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Remember the Sabbath to Save the Planet According to many commentators, the climax of the creation account in Genesis is God’s formation of human beings on the sixth day. All else is but a prelude, a setting of the stage for the crowning of the first humans as rulers of the created order. In fact, the culmination of God’s creation is not his creation of mankind but God’s own enjoyment in everything that he had made. He sees his work and calls it “very good,” he blesses the special final day, and he rests. The conclusion to which the story moves is not the mere creation of humanity but the delight of the Creator. Missing the point of creation is a pretty big error. Taking our eyes off the Creator leads to all sorts of perverse ideas about its meaning. A related error says that God has “given” humans the planet as a “gift”— a concept alien to both Scripture and ancient Christian tradition, which acknowledge God’s continuing ownership of the planet. The fundamental rule of property, in the biblical tradition, is this: If you make something ex nihilo, it’s yours. In fact, ours is a delegated and limited dominion; Genesis 1:28-29 tells humans to take their living from the natural world, but ownership remains with the Creator (Leviticus 25:23). If the climax of creation is the Sabbath rest of God, we ought to see that idea reverberating through Scripture, and it should give us some ideas about a right relationship with creation (and with God, and with others). In fact, that’s just what happens. The idea of the Sabbath keeps popping up, to remind us that the Sabbath is meant not just to restore and delight

overworked humans, but their employees, their animals, and their land (see Exodus 20, Leviticus 25). Rest and restoration are prescribed in a set of nested cycles of Sabbath days, Sabbath years, and the Sabbath of Sabbath years (the Year of Jubilee), which restores justice in the fundamental relationships between people and their means of production and which teaches us that the idea of Sabbath is not just to resist selfish striving but also to resist selfish accumulation. Norman Wirzba has thought deeply about the idea of the Sabbath (and written about it, too—see Living the Sabbath: Discovering the Rhythms of Rest and Delight [Brazos Press, 2006]). As he put it in a recent interview, “Sabbath is not simply about stopping what we’re doing and saying ‘no’ to the world; the Sabbath really reveals a profound ‘yes’ to the world.” Why does God take a Sabbath rest in the creation story? “Not because God is tired!” insists Wirzba. “The Sabbath opens up a profound affirmation of life and community and a profound responsibility for preserving those things.”The fast-paced, round-the-clock consumption of modern life takes its toll on our bodies and on the environment, and we need an antidote. For Wirzba, the Sabbath becomes a “lens through which to look at all our activities.” Ask an environmentalist how to start caring for the planet and you’re likely to receive a list of 52 ways to save the earth. Such approaches give us some appealing, bite-sized initial steps in creation care, but transforming our minds is a much larger task. That’s why physician and creationcare advocate Matthew Sleeth chooses to recommend a different starting point. “I used to say change the lightbulbs, carpool, all that sort of thing, and that’s still really important,” says Sleeth. “But more and more, I say we ought to obey the Ten Commandments, especially the Fourth.” He lays most environmental ills PRISM 2008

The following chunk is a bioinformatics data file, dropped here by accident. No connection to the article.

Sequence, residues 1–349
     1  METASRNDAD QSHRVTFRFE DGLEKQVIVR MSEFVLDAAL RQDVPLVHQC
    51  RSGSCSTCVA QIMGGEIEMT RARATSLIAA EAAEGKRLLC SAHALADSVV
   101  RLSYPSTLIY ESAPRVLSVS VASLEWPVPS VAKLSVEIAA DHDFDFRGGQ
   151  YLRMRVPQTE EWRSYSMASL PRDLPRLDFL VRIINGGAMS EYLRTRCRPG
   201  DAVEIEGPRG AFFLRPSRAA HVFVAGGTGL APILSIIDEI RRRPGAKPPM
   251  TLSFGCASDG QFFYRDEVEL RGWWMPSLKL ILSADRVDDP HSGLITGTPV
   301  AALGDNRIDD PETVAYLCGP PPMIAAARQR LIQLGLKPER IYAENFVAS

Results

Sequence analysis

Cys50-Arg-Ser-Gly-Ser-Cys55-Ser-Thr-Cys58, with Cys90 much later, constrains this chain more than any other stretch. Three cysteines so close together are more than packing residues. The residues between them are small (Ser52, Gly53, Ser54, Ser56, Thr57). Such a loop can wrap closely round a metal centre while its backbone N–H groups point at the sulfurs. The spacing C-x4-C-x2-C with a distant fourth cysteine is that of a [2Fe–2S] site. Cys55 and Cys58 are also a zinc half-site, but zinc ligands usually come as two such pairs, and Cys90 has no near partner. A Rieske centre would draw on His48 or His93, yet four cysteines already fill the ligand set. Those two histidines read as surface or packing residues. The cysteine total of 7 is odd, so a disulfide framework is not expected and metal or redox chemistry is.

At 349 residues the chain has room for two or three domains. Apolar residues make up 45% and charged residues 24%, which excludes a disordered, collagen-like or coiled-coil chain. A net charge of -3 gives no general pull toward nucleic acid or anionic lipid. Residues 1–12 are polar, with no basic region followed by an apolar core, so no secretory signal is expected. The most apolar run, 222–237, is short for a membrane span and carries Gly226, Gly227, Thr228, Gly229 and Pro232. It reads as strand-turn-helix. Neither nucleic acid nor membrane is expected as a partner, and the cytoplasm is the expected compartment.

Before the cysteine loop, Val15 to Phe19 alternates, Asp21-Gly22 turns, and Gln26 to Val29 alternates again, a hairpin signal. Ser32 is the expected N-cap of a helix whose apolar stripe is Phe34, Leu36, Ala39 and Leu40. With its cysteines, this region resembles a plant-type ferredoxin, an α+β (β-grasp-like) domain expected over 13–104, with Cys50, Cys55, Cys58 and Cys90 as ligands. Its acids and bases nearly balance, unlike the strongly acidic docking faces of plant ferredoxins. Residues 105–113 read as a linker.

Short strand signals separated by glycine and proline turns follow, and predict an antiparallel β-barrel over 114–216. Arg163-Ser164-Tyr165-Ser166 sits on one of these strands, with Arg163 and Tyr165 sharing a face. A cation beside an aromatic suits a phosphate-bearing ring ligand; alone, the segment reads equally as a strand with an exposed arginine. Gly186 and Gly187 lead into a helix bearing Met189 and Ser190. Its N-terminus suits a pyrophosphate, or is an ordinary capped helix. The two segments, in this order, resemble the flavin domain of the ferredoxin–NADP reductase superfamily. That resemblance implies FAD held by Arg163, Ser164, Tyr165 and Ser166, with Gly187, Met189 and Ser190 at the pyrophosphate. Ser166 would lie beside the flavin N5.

at the feet of consumer culture. “We have a hole in our hearts because of our fallen nature, and we try to fill that hole with things and with work.” Sleeth suggests a test to find out what kind of spiritual beings we are. “Unplug for a day and find out. If you have a day without television, computers, cell phones, cars, and shopping, and you’re miserable, you need to work on that.” He reminds us that the command to remember the Sabbath was God’s gift to the people of Israel after their enslavement in Egypt. God brought them out into the Sabbath rest, which is what he still promises the people of God. While Sleeth isn’t proposing a legalistic approach, he does note that the historic demise of blue laws restricting Sunday commerce corresponded with a spike in consumerism. “Keeping the Sabbath is essential to being a good steward of the earth,” he says. “If everyone parked it for one day out of the week, we’d use 14 percent less energy.” Some critics suggest that consumption will just be displaced to other days. That’s not the point.When the discipline of keeping the Sabbath turns into the delight of viewing the created order, seeing its goodness, and anticipating its redemption, we may decide to see ourselves more fundamentally as community members than as consumers. There’ll be a spillover effect of satisfaction and peace, not a scramble to catch up on the things we didn’t do or didn’t buy on a Sunday. Can we devote one day a week to taking our eyes off ourselves and our stuff and to reminding ourselves about the point of creation? That’s what the Sabbath is for. Saving the planet will be a welcome side effect. ■ Lowell “Rusty” Pritchard is a natural resource economist, the national director for outreach for the Evangelical Environmental Network, editor of ESA’s Creation Care online community, and adjunct faculty in environmental studies at Emory University in Atlanta, Ga.

Remember the Sabbath to Save the Planet  

A Different Shade of Green May 2008

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